When the Shoe Fits — A Social Media Converse-ation

mwindover    June 17, 2015

Organization name: Converse (est. 1908)
Converse one star
Web references: Boston Magazine, Converse, ConverseMusic, Converse Rubber Tracks, Facebook, Forbes Magazine, Google+, Instagram, Mashable, SoundCloud, Tumblr, Twitter, YouTube

Industry: footwear, apparel

Name of contact, if available: Geoff Cottrill, CMO

Description of how social media is used for business performance
Doing nothing may sound like a Seinfeld approach to social media strategy, but for Converse’s chief marketing officer Geoff Cotrill, it is the right approach. In an April 2013 interview with Mashable, Cottrill analogized the do-nothing-special strategy as follows:

“Our philosophy in social media has been to bring our voice to the medium, which includes acting like a good party guest – we bring something to the table, and we listen more than we talk. It also means not bringing campaigns from other channels verbatim to a platform that’s about conversation.”

Eleven months later, Advertising Age called Cottrill “Converse’s secret social weapon,” placing him in the opening slot of a series on key players in experiential marketing. At the time, Converse was the third most-liked brand on Facebook, besting parent company Nike (20.3 million likes)) and trailing behind giants Coca-Cola (90.8 million likes) and Red Bull (43.3 million likes).

Knowing that musicians are the key consumer of Converse products, the company wisely targets that group in their social media and overall marketing plans. What those consumers want, Cottrill says, is support to crafting their music, their art. (Earlier this year, Cottrill discussed the Converse approach at length in an interview with Wharton Business School.) What this has meant in a experiential sense, is the birth of Converse Rubber Tracks: a program that offers musicians access to a studio to record a demo with experienced producers, engineers and equipment. The top-to-bottom access is offered completely free of charge, with upfront registration required.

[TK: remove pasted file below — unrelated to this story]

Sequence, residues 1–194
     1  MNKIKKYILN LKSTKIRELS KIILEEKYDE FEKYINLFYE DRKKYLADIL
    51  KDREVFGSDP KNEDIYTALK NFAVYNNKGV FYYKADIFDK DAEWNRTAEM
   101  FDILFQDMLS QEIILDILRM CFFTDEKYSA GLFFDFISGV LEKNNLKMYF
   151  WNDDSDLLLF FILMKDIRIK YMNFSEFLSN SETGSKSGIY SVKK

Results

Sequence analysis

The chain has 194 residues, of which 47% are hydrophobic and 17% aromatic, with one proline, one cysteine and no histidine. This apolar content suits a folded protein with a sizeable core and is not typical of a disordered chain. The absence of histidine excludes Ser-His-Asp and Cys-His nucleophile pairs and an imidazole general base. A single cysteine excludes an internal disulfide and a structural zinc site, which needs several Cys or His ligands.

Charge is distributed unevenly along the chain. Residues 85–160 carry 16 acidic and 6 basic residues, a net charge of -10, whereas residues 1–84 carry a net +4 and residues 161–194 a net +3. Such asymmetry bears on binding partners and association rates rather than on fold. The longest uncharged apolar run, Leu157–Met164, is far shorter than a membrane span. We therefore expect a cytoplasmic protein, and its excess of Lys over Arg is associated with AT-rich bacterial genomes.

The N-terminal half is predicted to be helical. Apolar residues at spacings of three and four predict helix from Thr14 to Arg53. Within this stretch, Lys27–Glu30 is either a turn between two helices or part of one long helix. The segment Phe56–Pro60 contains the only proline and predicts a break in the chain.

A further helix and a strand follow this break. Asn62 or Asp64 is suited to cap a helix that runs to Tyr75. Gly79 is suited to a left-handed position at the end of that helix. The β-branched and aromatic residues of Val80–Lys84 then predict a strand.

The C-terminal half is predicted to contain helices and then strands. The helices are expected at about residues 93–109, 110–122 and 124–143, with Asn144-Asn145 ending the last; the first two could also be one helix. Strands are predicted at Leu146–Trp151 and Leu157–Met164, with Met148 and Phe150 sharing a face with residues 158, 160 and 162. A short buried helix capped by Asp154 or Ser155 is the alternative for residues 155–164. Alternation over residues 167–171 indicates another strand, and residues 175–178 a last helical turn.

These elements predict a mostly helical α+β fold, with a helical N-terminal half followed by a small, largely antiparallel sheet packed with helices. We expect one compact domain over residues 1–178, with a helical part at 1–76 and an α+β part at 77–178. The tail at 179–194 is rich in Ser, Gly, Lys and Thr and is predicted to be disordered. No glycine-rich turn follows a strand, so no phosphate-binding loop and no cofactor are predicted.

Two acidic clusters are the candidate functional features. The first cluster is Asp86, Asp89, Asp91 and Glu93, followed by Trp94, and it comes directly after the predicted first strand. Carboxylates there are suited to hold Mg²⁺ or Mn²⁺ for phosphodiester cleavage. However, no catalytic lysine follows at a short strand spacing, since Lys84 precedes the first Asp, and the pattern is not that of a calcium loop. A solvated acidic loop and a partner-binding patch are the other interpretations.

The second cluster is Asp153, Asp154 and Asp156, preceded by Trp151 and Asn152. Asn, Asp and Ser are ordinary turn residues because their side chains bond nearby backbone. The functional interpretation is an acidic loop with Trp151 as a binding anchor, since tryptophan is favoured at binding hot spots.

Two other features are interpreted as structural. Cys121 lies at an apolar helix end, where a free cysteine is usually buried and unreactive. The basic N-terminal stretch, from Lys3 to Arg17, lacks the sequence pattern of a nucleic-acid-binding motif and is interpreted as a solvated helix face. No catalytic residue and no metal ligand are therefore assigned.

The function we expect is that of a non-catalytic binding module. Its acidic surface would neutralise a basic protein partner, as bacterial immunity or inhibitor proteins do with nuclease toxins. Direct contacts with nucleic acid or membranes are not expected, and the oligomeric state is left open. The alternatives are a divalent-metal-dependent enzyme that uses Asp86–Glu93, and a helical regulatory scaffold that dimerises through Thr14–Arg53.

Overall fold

Converse continues to support these musicians by posting their music online, further enhancing the reach of the music created at the Rubber Tracks studios.
Brooklyn Rubber Tracks
The first Rubber Tracks studio, now 3 years old, opened in Brooklyn, New York, while its younger sibling is set to open its doors in Boston on July 1.

On ConverseMusic’s Soundcloud page, you can hear listen to a track by alt-rockers J Mascis (Dinosaur Jr) and Kim Gordon (Sonic Youth):

And then flip to something new and emerging like DAIR, a New York-based electro four-piece.

DAIR is a Rubber Tracks alumnus who is now receiving exposure on ConverseMusic SoundCloud and Tumblr pages. Smartly, she’s linking to Rubber Tracks through her Twitter handle, @dairmusic.

For Converse, social media seems to be part spectator sport, with objectives, targets and lessons to be siphoned out and built up in an authentic, organic way. In this sense, the consumer is a compass pointing the way to the yellow brick road, and Converse is laying those yellow bricks. In Social Media Today’s CMO feature of the week (February 2015), Cottrill had this to say: